Looking Deeply into Deer Park Plants: Meet the Oak Trees
Native Plant Communities
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Caring for and Continuing our Oak Tree Community
Plant communities are like human communities
Like people, California native plants need to live in a community to survive. This is very important in Southern California where there are many stresses for a plant. The inland summer temperatures can be very high and plants may need to survive 8-9 of the hottest, driest months without any water. Plants also have to endure fire and freezing temperatures.
|Like people, oak trees do not survive well alone||
By understanding one native plant community, we can understand a lot about many of the plant communities. Looking at the relationship of oak trees to their environmental conditions is a good way to learn about how to cultivate healthy plants at Deer Park. Oak trees need their associated plants to thrive and do not do well alone or among plants that cannot nourish them, just as people cannot function as well alone, but need their family and friends.
Special fungi—Mycorrhiza—interconnects the plants within the community
They form connections underground from oak tree to oak tree and to other plants in the community, thereby interconnecting most of the plants within the plant community. If one area of the forest has excess nutrition or moisture the fungi will balance the forest and share the nutrients.
The connection of many plants underground with these fungi is called a ‘mycorrhizal grid’ and because plants can use this grid to share water and nutrients, they can survive great stresses, like drought. But, without this underground grid, native plants, like oaks, cannot live.
|Fungi and trees sustain each other||
The mycorrhiza and the oak tree nourish each other. The fungi provide nutrients and water to the oak. They can be more than 1,000 times more efficient at extracting water and minerals from the ground that roots. They also protect the tree roots from diseases and act like the oak trees’ immune system. In an old oak tree, there can be up to 250 species of mycorrhiza living with and protecting the oak roots.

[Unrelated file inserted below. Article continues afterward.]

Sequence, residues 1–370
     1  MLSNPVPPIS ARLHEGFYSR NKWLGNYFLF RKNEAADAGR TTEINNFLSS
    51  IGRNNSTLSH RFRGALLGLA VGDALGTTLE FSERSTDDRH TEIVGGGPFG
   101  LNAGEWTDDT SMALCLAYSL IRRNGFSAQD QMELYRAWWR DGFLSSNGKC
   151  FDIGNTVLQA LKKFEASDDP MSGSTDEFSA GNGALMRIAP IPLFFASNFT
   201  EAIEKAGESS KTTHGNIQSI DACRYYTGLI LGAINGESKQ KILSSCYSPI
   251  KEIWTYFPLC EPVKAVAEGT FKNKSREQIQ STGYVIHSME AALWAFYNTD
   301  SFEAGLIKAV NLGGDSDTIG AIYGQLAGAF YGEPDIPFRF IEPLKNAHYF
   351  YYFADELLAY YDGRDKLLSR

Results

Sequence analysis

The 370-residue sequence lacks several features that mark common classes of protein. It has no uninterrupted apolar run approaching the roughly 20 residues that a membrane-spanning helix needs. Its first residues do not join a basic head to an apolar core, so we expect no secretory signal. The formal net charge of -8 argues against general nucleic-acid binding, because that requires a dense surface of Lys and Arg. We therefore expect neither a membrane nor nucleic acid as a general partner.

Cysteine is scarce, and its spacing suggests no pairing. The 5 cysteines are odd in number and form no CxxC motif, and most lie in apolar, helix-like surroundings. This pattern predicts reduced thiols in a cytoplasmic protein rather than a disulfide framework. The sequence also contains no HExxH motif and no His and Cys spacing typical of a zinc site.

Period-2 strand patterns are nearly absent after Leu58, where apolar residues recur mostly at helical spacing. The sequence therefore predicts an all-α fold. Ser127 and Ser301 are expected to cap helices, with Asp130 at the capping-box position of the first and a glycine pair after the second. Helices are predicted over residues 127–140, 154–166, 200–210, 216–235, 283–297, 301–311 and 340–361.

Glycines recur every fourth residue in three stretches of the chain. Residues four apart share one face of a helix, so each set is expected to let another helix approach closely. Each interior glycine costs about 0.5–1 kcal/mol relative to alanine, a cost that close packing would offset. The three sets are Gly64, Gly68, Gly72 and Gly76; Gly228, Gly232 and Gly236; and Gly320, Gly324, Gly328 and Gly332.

In return, the oak trees provide carbohydrates for the fungi, food the fungi cannot make because they do not contain chlorophyll which allows the trees to make food from the sun’s energy.
Protecting mycorrhiza, protecting the oaks
In California’s native ecosystem, there are far more fungi in the soil than bacteria. Many non-native plants introduce large amounts of bacteria into the soil and this can disturb or destroy the plant community needed to sustain the oaks.
There are other fungal friends associated with the oaks; some live in the leaves, some in stems, some in the trunk. Like mycorrhiza, they share resources to protect the tree and themselves.
|We can take care of our oaks||
The ‘root protection zone’ is the most important area for an oak. This is an area that extend from the tree to beyond the drip line. Oak trees survive on lateral roots and the top six inches of soil under the drip line is the most sensitive to disturbances. No non-native plants or grasses should be planted in this area.
Since the mycorrhiza live close to the surface as well, we should not drive on or park cars or otherwise disturb or compact the soil in this area if we want our trees to stay healthy. Oak leaf mulch should be left in place as it nourishes and protects the root zone.
Fertilizers, insecticides, or herbicides are very damaging for fungi and can cause it to disconnect from the grid, weakening the tree. There are many plants that are ‘allies’ of oak trees and can be planted under or near oak trees. These include coffeeberry, gooseberry, ceanothus or native lilac, manzanita, honeysuckle. As a community of plants, they can better resist the invasion of non-native species that undermine the health of the community.
Continuation of Oak Trees and the rare Englemann oak
We would like to grow even more oak trees from acorns from Deer Park Oaks especially our rare Englemann oaks. All oak trees are wonderful but the rare Engelmann oak species is probably the most imperiled of all oak trees and are one of the most endangered natural plant communities in California.